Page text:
best of 2014

Somehow it’s already a new year and I’m still convincing myself to get back in my regular rhythm of work and writing and socializing and sleeping 6-7 hrs/night instead of 8-10 hrs/night with extended naps in between. Having just come back “down south” to NYC and out of the cold, dark place that is New England in winter, I’d like to suggest we just skip over January and February.  As I made a concerted effort to stay offline, I neglected some year end chores like thinking about just what it was I consumed in 2014: words, music, film. I read very little new fiction and listened mostly to classical and friends’ music but here for good measure are lists of things I found worthwhile in 2014:

2014 books (no particular order):

  • Bark: Lorrie Moore
  • Can’t and Won’t: Lydia Davis
  • The Laughing Monsters: Denis Johnson
  • The Shell Collector: Anthony Doerr (I know…not released in 2014 but one of the best I read in 2014)
  • Remembering the Year of the French: (Guy Beiner, also not released in 2014)
  • Lila: Marilynne Robinson
  • The Beautiful Thing that Awaits us All: Laird Barron
  • This Side of Brightness: Colum McCann

2014 music (music released in 2014 or performances in 2014 – in no particular order)

  • Jack White: Lazaretto
  • The Black Keys: Turn Blue
  • St. Paul & Broken Bones: Half the City
  • Afghan Whigs: Do to the Beast
  • Mastodon: Once more round the sun
  • Nick Cave live at Town Hall
  • Bryan Ferry live at the Beacon Theater
  • Jessie Kilguss: Devastate Me
  • Peg Simone live at various

2014 movies (released in 2014 – no particular order)

  • Only Lovers Left Alive
  • The Grand Budapest Hotel
  • Frank
  • Maleficent
  • The Hobbit: Battle of the Five Armies
  • Inside Llewyn Davis
  • Calvary
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several hundred manuscripts in…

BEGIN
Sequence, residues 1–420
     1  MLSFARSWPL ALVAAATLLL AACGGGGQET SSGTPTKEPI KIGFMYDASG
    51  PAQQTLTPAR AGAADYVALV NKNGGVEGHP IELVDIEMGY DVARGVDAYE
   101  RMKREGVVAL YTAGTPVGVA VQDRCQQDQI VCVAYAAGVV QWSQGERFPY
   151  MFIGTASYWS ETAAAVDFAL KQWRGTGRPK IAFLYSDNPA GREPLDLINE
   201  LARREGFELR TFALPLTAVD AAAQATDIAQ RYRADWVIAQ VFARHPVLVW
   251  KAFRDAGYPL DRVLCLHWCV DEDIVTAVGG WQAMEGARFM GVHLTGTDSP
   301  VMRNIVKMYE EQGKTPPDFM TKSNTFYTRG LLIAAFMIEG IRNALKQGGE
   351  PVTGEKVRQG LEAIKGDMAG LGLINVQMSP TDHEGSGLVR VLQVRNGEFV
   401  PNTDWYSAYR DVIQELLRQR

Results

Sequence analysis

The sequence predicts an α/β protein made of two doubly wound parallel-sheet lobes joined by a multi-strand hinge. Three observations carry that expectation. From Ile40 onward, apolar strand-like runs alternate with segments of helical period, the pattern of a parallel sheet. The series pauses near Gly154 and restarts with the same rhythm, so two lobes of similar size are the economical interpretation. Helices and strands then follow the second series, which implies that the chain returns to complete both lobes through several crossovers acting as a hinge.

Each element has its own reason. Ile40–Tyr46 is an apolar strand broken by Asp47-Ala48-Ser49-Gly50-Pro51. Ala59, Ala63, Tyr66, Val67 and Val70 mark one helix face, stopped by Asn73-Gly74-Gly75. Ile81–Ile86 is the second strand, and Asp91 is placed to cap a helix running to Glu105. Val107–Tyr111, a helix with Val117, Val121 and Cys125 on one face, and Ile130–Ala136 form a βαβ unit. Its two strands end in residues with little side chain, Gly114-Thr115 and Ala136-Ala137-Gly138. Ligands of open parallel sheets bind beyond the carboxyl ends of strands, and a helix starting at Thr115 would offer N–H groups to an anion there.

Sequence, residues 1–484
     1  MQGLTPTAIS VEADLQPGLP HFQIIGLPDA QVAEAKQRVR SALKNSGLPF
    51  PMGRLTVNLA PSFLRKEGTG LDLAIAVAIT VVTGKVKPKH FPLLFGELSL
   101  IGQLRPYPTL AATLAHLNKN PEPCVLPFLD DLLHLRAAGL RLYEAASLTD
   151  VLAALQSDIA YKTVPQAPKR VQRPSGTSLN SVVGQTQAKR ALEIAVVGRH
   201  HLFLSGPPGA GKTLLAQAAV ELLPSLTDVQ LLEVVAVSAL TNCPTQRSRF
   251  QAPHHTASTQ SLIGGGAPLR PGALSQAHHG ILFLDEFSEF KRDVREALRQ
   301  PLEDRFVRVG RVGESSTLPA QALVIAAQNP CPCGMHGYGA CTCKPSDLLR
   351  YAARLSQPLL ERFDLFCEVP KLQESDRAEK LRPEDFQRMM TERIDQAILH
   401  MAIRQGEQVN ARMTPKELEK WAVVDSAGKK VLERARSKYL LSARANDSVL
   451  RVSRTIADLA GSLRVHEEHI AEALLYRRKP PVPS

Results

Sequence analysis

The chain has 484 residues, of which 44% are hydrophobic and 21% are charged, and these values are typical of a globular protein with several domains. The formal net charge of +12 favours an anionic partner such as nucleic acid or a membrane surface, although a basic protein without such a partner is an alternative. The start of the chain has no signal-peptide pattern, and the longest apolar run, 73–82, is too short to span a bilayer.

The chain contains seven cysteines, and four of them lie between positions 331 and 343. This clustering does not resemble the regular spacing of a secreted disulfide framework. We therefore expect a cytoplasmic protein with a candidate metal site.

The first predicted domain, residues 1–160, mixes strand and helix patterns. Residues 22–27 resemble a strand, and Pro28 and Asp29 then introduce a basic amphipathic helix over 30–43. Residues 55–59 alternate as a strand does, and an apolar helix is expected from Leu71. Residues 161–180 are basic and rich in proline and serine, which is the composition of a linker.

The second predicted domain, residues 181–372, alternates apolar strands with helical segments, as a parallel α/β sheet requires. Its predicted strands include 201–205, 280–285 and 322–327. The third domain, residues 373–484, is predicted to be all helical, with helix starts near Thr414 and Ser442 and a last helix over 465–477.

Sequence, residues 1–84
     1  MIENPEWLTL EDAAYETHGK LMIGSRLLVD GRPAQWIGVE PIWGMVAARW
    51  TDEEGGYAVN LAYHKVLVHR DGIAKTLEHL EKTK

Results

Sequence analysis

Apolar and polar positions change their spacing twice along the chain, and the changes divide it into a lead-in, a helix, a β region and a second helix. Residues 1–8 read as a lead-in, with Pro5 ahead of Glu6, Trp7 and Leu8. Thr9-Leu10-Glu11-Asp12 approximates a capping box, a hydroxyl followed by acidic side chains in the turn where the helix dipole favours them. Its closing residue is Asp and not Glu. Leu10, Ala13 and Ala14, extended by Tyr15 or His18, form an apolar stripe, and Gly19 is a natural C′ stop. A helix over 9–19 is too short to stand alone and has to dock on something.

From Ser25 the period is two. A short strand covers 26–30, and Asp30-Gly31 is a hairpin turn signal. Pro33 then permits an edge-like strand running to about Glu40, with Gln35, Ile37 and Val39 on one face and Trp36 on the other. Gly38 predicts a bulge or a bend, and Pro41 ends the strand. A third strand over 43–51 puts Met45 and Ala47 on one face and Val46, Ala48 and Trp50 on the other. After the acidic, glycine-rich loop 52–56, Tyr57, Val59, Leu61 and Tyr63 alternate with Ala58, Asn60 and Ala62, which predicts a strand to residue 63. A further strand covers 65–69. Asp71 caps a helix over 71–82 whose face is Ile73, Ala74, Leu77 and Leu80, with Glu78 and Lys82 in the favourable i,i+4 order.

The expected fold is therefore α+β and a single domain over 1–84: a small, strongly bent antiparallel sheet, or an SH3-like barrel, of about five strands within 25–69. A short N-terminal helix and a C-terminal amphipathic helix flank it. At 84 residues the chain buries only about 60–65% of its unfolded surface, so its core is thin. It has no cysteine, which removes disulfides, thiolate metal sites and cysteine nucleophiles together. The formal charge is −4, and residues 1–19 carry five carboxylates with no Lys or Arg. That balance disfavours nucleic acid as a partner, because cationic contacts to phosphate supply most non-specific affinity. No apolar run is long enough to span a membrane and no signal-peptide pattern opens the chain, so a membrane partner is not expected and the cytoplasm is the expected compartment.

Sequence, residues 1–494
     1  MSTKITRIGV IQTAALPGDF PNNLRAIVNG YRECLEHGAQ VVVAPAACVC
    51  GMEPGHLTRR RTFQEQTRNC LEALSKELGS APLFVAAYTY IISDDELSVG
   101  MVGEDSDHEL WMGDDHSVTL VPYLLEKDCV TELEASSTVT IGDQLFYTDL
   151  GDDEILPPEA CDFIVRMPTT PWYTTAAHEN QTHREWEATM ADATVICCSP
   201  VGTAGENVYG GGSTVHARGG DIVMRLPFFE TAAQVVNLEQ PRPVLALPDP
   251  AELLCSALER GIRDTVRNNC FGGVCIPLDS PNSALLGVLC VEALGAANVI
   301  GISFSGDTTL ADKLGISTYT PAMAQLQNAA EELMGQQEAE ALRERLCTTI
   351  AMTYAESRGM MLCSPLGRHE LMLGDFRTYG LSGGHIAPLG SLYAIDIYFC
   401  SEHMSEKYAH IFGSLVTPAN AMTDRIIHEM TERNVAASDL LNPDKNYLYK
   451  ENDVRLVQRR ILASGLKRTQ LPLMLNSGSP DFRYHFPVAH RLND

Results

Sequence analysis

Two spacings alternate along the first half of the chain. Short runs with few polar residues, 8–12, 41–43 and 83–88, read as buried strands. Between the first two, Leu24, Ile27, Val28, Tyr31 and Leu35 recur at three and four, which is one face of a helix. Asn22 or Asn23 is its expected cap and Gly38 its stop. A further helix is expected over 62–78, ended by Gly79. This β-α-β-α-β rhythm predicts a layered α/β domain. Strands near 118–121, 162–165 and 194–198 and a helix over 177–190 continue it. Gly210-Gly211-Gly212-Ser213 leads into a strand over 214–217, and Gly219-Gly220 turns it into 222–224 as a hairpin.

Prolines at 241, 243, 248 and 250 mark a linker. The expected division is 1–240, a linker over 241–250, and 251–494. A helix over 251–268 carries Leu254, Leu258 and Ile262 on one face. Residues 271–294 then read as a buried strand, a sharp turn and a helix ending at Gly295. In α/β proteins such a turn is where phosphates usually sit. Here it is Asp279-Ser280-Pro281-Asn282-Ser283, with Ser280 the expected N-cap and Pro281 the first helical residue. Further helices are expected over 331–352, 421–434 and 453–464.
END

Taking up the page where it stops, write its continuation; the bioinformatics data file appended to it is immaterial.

In my “spare time” when I’m not at work or school or the library, I work as an editor for Black Lawrence Press. As part of this work, I read hundreds of fiction manuscripts. These mainly come in through BLP’s contests but also through an open reading period. I’ve read some stellar work, some mediocre work, and some incredibly shoddy work. What always gets me though is when writers don’t take the time to check basics like formatting (what’s with all the single-spaced mss?), spelling, basic punctuation and grammar, and little nit-picky things – keeping a character’s named spelled the same way consistently, knowing basic geographical details of the city where a story is based, I could go on but…Reading this I feel I’m being one of those awful cranky-pants editors who forgets that that manuscript is someone’s hard-fought work. I guess my point is: if you DO love your work enough to send it out into the world, why not love it enough to polish it up? And why not also read the basic submission guidelines for the press you’re submitting to? {And yes, I know that last sentence I just wrote is in dire need of a strong editorial hand.} Given all the above, as I said, I’ve also come across some truly stellar work. Jon Chopan’s Pulled from the River, TJ Beitelman’s John the Revelator, and a stunning short story, Blood, by Matthew Cheney that’s one of the best pieces of fiction I’ve read in ages. You can read Blood here: http://www.one-story.com/index.php?page=stories&story_id=81 where it was first published in 2006. You can also read it in his short story collection coming out on Black Lawrence Press at some point in the hopefully not too distant future (print publishing being the slow moving beast that it is).  So I guess what I’m trying to say is, there’s a LOT of great writing out there and there could be more if writers would take better care of their work – clean it up, care about word choices, read & learn from more great writers, and by all means: double-space those manuscripts. I treat all manuscripts with equal respect and I value the work every writer is attempting but I won’t go blind for anybody’s work.